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Help and advice for Whimple - from Some Old Devon Churches (J. Stabb)

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Whimple

from

Some Old Devon Churches

By J. Stabb

London: Simpkin et al (1908-16)

Page 251

Transcribed and edited by Dr Roger Peters

Full text available at

http://www.wissensdrang.com/dstabb.htm

Prepared by Michael Steer

Between 1908 and 1916, John Stabb, an ecclesiologist and photographer who lived in Torquay, published three volumes of Some Old Devon Churches and one of Devon Church Antiquities. A projected second volume of the latter, regarded by Stabb himself as a complement to the former, did not materialize because of his untimely death on August 2nd 1917, aged 52. Collectively, Stabb's four volumes present descriptions of 261 Devon churches and their antiquities.

WHIMPLE. St. Mary. The church, which consists of chancel, nave, north and south aisles, south porch, and west tower with six bells, does not call for much remark, as, with the exception of the tower, it was rebuilt in 1845.

Though the building is not of much interest, it contains, preserved in the tower, a small portion of the ancient rood screen, consisting of 8 of the painted panels on which are the following saints:- (1) a king crowned, with orb and sceptre, with a white hart chained at his feet, Henry VI [r. 1422-61 & 1470-71]; (2) female saint with scythe in right hand, head in left, St. Sidwell; (3) pilgrim with staff and wallet attended by a dog, sword on thigh, St. Roch; (4) saint holding tower in right hand and crucifix in left, St. Barbara; (5) saint bound and pierced by 17 arrows, St. Sebastian; (6) saint in bishop's dress holding an anchor, St. Clement; (7) saint carrying a lamb, St. John the Baptist; (8) female saint with pincers in her hand grasping a tooth, St. Apollonia. In the description, hung up in the church, No. 4 is given as St. Philip, and No. 7 as St. Agnes, but the tower is the emblem of St. Barbara, and No. 7 is certainly a male figure, as traces can be seen of a beard.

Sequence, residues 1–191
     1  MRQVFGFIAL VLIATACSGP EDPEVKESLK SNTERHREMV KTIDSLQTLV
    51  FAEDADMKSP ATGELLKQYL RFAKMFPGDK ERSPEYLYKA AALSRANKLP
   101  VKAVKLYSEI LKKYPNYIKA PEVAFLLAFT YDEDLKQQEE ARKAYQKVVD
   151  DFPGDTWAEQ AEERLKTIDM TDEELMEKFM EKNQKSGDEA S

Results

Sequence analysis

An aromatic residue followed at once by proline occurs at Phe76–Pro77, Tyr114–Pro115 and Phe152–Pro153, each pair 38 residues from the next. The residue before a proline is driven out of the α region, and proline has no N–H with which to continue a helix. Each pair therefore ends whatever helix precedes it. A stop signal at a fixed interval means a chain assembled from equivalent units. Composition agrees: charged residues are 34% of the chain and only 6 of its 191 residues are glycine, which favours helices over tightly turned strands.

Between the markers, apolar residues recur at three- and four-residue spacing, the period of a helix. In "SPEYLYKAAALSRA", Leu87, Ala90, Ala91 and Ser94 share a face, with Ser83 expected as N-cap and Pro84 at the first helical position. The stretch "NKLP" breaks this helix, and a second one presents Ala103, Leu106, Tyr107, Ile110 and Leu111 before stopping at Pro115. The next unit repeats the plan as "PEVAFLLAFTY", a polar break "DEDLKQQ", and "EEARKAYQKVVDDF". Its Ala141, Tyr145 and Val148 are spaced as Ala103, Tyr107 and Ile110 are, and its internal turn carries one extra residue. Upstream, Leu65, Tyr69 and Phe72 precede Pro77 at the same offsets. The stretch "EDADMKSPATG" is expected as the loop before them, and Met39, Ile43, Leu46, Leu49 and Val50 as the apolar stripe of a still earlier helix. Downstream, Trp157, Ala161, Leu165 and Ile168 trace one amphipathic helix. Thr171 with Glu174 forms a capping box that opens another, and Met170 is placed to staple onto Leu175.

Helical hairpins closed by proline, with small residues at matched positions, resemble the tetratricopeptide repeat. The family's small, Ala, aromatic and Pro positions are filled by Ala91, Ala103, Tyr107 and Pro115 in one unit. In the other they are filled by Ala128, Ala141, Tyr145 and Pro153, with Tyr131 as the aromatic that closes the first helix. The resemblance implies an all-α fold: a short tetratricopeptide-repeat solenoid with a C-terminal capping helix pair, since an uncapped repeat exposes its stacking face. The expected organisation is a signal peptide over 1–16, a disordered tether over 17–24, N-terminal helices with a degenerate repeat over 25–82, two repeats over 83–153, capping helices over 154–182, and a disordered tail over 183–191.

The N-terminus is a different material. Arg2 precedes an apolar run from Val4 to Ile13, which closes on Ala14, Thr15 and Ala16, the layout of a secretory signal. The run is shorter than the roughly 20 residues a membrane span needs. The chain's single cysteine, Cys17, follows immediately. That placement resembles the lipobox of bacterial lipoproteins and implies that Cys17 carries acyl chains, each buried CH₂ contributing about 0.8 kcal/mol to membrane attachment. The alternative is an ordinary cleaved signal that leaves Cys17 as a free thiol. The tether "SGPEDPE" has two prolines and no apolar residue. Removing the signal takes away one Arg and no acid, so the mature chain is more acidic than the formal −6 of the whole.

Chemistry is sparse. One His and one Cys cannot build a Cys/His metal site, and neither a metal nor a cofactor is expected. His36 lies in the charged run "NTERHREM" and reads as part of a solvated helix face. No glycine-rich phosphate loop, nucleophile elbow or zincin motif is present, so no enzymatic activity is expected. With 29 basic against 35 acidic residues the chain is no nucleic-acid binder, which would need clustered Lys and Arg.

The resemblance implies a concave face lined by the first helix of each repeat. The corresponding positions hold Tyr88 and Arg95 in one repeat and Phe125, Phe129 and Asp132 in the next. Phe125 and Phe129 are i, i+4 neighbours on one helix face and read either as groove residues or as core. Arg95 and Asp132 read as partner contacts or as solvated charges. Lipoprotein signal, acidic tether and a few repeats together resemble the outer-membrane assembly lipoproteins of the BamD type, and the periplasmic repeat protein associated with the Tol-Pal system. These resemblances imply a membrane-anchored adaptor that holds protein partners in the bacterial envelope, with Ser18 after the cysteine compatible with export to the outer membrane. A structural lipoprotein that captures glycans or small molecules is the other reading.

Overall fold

The registers date from 1653.